News | Proton Therapy | August 10, 2016

Cincinnati Children's/UC Health Announce Grand Opening of Proton Therapy Center

New center, which will include a dedicated research bay, expected to treat first patients in September

Cincinnati Children's, UC Health, new Proton Therapy Center

August 10, 2016 — Cincinnati Children's Hospital Medical Center and UC Health are celebrating the grand opening of the new Proton Therapy Center. Located at Cincinnati Children's Liberty Campus, the $120 million facility is one of the most advanced proton research and cancer treatment centers in the world. The first patients are expected to be treated in September.

"This important investment will transform cancer care for children and adults and generate a new wave of discovery," said Michael Fisher, president and CEO at Cincinnati Children's. "Proton is advanced cancer therapy. I am pleased it is now available to our pediatric patients with the most challenging types of cancer, underscoring our deep commitment to always provide the safest and most effective treatment options."

Proton therapy is a form of radiation treatment used for certain types of cancers. The medical procedure involves a type of particle therapy utilizing a beam of protons to blast diseased tissue with remarkable precision. It works by extracting positively charged protons from hydrogen gas and accelerating them through a cyclotron (a particle accelerator) up to nearly 2/3 the speed of light. The protons are guided to the tumor site by powerful magnetic and electrical fields. They carry just enough charge to reach a precise point in the tumor.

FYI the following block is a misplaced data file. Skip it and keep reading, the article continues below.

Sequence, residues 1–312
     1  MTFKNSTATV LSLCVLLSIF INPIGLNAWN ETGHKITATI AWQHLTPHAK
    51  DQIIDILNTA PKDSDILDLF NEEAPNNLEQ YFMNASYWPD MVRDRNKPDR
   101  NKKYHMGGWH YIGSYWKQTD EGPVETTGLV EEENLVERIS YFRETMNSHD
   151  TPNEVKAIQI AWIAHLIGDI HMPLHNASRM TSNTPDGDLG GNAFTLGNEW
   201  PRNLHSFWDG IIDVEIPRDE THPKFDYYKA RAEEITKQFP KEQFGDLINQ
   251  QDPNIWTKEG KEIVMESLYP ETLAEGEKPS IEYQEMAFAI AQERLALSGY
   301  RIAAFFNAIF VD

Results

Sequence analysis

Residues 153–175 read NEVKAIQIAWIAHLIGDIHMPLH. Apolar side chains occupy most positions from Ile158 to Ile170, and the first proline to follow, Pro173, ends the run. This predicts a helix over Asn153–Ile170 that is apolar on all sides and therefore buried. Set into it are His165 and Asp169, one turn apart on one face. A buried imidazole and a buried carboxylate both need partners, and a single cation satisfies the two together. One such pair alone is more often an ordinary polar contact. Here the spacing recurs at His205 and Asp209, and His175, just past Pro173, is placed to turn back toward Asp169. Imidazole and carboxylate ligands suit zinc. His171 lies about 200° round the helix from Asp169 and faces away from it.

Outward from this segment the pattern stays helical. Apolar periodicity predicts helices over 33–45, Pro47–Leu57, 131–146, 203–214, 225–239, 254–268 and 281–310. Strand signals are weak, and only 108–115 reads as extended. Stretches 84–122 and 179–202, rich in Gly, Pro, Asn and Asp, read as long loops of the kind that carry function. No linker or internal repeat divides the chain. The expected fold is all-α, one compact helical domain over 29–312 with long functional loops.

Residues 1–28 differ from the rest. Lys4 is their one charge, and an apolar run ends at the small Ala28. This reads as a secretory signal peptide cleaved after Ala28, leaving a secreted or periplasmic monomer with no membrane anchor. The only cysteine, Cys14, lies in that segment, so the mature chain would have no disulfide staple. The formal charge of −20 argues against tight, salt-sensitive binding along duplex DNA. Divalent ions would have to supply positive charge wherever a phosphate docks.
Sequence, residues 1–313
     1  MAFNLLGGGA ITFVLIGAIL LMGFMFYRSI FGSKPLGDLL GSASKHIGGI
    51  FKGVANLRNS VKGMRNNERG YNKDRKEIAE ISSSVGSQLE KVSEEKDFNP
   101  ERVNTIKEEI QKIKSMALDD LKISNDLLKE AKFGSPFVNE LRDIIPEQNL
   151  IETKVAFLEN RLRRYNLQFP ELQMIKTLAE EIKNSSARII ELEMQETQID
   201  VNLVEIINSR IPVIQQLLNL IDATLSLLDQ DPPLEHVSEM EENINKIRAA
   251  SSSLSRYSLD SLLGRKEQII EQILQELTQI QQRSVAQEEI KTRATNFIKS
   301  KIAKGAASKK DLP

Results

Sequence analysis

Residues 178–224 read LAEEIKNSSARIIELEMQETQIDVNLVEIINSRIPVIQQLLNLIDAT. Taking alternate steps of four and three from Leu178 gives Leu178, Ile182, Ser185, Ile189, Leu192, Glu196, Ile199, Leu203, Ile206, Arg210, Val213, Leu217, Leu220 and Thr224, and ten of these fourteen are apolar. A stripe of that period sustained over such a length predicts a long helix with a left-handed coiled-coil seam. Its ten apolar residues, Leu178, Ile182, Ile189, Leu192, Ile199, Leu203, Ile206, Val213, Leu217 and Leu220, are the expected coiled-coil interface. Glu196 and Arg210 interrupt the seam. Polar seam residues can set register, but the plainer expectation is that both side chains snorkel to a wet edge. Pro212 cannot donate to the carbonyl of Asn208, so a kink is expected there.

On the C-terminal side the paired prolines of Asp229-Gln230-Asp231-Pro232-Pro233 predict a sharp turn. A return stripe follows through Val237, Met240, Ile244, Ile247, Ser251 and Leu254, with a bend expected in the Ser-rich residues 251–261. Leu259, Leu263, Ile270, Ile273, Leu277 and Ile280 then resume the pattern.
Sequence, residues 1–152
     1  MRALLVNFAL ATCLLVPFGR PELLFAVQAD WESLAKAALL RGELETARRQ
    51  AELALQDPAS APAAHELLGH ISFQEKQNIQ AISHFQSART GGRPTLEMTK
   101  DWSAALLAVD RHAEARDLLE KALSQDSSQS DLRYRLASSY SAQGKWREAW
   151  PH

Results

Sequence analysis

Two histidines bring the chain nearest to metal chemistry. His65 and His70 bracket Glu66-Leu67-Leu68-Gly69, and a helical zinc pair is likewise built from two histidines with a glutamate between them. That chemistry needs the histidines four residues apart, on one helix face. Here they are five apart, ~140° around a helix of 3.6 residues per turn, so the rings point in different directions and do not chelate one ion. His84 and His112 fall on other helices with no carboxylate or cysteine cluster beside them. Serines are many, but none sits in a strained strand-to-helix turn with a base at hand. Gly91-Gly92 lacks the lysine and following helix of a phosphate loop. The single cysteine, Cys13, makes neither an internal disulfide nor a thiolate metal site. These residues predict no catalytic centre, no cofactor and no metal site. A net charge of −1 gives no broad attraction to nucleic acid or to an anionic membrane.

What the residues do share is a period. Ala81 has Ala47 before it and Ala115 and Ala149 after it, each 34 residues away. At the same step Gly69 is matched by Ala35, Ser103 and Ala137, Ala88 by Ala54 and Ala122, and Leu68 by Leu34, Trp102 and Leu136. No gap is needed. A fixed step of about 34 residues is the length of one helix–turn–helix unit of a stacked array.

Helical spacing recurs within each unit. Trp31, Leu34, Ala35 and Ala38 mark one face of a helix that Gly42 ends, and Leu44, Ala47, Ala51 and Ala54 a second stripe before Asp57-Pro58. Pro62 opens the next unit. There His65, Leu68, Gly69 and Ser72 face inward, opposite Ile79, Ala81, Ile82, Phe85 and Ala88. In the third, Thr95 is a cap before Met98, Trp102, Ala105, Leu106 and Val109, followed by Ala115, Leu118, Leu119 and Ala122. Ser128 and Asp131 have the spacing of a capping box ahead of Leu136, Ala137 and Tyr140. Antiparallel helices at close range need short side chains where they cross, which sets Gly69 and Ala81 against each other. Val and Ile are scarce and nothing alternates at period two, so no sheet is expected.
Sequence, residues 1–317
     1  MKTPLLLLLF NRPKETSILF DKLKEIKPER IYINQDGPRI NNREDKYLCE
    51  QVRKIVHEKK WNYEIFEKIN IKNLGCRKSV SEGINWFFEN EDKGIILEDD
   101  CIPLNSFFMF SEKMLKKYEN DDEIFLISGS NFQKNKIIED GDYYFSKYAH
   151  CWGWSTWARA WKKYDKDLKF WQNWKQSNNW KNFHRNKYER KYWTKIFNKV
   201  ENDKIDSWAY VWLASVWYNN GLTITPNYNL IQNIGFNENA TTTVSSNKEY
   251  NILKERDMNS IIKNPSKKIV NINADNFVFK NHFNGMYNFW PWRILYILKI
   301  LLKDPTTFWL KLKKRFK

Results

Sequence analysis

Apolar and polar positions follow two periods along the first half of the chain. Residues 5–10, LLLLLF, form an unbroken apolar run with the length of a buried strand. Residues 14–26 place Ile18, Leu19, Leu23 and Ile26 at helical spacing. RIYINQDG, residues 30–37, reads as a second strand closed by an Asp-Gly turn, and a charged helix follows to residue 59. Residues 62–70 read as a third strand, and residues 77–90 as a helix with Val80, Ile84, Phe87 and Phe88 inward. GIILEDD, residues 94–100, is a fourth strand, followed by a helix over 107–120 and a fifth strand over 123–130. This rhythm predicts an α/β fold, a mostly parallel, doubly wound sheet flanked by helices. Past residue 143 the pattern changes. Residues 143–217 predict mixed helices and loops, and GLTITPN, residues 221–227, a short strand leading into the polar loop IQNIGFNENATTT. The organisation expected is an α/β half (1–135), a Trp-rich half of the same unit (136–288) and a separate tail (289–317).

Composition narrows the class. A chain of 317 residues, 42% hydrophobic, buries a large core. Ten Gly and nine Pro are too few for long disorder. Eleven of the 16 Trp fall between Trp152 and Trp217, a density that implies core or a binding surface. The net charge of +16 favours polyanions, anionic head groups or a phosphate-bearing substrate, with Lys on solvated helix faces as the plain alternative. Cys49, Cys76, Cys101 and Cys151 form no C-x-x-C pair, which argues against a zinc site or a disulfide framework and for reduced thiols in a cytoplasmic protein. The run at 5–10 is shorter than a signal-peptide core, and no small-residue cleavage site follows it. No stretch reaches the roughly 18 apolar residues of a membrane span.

Traditional radiation treatment kills targeted cancer cells but can also damage surrounding healthy tissue. It's estimated as much as one-third of the radiation dose a patient receives can wind up deposited away from the targeted tumor. Proton therapy is expected to significantly reduce the risks because of its precision, allowing cancer survivors to have far fewer long-term consequences.

The types of cancer best treated by proton therapy include Hodgkin lymphoma, pediatric brain tumors, neuroblastoma and soft tissue sarcomas. In the adult population, the targeted treatment is specifically helpful in cancers of the brain, eyes, head, neck, lungs, prostate and spinal cord.

The center will have the world's only proton treatment gantry fully dedicated to research along several tracks including: basic biological research to better understand exactly how protons kill cancer cells; applied research and development for evaluating imaging methods, computer-targeting technologies and patient positioning techniques; and translational research to develop and refine other treatments that can augment proton therapy.

The research will be done in cooperation among Cincinnati Children's, UC Medical Center, the University of Cincinnati Physicians, the UC College of Medicine and Varian, the proton equipment manufacturer. Some collaborations will also involve research centers in Germany and Israel. More multi-institutional partnerships are likely.

The Proton Therapy Center features two treatment gantries, one research gantry and a shelled treatment bay for future expansion. One treatment gantry is devoted to pediatric patients and one to adult patients.  The Center, located at Cincinnati Children's Liberty campus, will have separate and clearly-marked entrances for children and adults.

For more information: www.cincinnatichildrens.org

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